He was born in Dôle, France in 1822. His childhood was spent among animal skins since his father, who had been a soldier in Napoleon’s army, had set up a tannery workshop when he moved into civilian life. Perhaps his contacts with the chemical products his father used during the work aroused in him an early vocation for chemistry and its related fields, although Pasteur was called to achieve fame in another field, that of medicine even if it was not a doctor.

Soon he proved to be an enterprising and multifaceted young man. He studied at the College of Arbois and he developed a special interest in the instruction to others and soon became a monitor and assistant teacher before turning 20 years old. Simultaneously he gave himself to painting, he drew landscapes and portraits, although he did not excel in this facet. Ever since he was a boy, he made his life’s motto come true: “Work, always work”.

His father sent him to the Normal School in Paris where he met the chemist Dumas who influenced him decisively. He quickly immersed himself in a world of microscopes, “clock glasses”, flasks and tiny crystals. He returned to the experiments that Spallanzani had initiated about the world of microbes 100 years before and tried to get to the bottom of the question why organic substances decomposed or fermented. He discovered that the cause was in the action of the microbes that were in suspension in the air.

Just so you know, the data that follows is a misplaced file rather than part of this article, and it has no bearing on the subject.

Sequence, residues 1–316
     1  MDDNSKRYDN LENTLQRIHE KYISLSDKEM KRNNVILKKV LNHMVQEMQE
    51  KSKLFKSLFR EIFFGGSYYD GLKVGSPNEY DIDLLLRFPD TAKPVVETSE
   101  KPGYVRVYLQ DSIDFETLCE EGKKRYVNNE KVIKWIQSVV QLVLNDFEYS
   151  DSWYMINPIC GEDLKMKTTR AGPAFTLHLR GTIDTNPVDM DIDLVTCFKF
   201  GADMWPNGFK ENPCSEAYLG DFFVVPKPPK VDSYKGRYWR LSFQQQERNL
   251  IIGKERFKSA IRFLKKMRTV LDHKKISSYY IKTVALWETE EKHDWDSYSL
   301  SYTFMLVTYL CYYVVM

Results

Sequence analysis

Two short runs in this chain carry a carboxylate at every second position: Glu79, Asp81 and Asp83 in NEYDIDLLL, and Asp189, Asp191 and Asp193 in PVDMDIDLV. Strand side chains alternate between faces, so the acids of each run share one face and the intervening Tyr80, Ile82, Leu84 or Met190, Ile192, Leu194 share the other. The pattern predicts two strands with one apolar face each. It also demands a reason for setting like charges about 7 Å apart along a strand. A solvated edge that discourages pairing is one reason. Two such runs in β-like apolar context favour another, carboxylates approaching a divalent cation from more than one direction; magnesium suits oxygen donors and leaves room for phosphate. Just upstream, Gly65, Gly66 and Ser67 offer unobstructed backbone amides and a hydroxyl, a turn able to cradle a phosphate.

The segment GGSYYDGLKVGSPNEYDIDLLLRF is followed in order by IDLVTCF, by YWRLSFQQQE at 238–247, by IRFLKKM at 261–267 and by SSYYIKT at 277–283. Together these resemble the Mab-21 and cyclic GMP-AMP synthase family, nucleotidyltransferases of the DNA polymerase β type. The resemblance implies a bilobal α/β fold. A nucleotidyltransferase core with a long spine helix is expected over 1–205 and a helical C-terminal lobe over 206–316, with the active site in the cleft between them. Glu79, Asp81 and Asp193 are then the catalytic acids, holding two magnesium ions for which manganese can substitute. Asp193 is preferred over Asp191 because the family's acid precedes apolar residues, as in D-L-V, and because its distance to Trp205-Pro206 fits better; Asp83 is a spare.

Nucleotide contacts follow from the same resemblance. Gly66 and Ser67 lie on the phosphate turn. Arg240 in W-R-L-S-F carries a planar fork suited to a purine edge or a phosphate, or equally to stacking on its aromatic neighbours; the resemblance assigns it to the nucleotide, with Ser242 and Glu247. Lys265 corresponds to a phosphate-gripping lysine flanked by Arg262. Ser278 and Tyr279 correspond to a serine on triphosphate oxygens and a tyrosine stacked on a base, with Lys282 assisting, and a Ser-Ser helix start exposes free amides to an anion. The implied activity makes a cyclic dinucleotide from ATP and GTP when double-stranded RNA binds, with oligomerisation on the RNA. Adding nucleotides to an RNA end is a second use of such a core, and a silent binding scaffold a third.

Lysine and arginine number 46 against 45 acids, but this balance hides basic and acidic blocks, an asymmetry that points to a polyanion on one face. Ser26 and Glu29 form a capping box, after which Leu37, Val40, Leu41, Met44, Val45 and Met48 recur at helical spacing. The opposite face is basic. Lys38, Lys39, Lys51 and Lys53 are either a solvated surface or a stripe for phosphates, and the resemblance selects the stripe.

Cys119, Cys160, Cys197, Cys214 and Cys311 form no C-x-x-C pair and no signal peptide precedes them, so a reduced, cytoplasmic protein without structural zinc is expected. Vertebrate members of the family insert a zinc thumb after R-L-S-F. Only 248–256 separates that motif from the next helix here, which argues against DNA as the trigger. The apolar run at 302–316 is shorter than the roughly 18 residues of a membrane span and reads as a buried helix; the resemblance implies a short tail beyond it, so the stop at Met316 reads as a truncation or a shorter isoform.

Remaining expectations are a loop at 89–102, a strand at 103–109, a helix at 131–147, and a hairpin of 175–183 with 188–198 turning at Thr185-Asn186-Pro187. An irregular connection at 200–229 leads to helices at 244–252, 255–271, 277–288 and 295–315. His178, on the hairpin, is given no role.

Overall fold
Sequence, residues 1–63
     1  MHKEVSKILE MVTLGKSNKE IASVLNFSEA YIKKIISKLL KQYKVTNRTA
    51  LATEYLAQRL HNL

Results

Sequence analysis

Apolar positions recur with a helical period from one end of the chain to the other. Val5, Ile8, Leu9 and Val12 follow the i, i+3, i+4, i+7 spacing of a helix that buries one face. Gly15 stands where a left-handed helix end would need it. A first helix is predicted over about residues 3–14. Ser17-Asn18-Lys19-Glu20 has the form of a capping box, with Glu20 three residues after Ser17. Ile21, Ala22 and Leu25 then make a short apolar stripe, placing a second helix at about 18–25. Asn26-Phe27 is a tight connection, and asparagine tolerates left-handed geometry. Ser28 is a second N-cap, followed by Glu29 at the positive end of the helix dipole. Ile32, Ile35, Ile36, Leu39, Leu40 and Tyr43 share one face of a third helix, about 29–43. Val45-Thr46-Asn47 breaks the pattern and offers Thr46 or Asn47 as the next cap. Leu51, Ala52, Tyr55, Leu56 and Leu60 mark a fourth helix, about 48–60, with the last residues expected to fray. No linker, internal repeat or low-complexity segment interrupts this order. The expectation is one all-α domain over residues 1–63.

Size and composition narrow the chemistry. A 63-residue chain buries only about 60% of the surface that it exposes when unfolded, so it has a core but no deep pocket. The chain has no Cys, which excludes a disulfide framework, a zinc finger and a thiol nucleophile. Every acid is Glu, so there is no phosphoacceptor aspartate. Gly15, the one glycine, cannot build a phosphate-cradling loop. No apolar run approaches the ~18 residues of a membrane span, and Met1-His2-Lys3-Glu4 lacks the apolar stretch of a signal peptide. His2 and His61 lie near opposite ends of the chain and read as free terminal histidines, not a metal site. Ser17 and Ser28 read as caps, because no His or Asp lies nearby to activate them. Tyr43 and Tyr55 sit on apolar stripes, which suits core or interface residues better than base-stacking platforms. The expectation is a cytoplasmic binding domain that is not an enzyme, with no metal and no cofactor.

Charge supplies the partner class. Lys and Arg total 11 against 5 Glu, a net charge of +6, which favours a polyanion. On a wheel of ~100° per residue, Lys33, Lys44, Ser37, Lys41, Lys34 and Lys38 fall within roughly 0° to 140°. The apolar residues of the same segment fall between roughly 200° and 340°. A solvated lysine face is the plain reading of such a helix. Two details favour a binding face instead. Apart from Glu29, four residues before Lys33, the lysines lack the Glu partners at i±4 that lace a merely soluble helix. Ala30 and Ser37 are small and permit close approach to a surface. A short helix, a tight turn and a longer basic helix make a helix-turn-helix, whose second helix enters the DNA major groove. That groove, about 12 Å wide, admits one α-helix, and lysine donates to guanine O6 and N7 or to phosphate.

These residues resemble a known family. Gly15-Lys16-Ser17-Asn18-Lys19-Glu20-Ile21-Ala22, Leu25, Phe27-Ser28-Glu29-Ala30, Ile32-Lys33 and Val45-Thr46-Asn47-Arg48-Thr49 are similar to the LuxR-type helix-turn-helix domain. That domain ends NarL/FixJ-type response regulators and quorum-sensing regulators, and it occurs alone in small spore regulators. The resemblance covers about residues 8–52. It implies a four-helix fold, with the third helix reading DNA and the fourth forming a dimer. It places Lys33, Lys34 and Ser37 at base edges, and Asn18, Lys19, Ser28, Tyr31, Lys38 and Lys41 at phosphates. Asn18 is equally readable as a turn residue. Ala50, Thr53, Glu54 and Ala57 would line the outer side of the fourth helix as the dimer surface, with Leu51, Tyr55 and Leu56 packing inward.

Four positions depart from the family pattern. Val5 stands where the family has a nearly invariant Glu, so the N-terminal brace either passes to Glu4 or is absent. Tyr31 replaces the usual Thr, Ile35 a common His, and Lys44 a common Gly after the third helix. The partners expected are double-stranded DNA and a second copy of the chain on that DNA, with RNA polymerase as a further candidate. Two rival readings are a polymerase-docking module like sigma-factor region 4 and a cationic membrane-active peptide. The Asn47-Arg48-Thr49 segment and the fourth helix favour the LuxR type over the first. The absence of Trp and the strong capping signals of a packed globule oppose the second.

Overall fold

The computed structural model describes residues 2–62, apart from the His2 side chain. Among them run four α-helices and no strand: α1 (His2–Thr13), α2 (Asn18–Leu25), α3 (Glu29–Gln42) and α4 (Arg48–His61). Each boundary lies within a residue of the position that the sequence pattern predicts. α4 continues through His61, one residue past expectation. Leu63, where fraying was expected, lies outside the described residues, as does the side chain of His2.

This finding made him face part of the scientific world of the moment, especially with Professor Pouchet who defended the theory that fermentation was produced by the spontaneous generation of germs in the product. Pasteur developed a whole series of materials (swan neck necks, narrow neck flasks, etc.) and methods to demonstrate that the degree of cleanliness of the air decisively influenced the microbial action.

He moved to Strasbourg as a teacher and later to Lille, where one of his most successful stages took place. His performance on the life of silk worms, the anthrax vaccine (sheep and cow disease) and other achievements made him an very popular man since in addition to extraordinary investigator Pasteur was an excellent communicator.

He returns to Paris and maintains another lively polemic with the famous chemist Liebig about the performance of ferments in the transformation of sugars into alcohols. Discover the vaccine against rabies that makes him famous worldwide and creates the Pasteur Institute. He died in 1895 surrounded by the respect of the people.

This extroverted but modest man, populist but indefatigable worker, full of moral values, with his discoveries was the founder of the modern asepsis and antisepsis that brought so many benefits for humanity. For the packaging industry he left two findings that decisively influenced the development of the same:

-The pasteurization of liquids. Procedure by which, by heating liquid foods (milk, drinks, etc.) to 60-80º C, microbes are destroyed, maintaining taste and vitamins.

-The sterilization of food. Method by which the product to be stored in an airtight container at more than 120º C is heated. It eliminates all bacteria and molds, preventing future reproduction.

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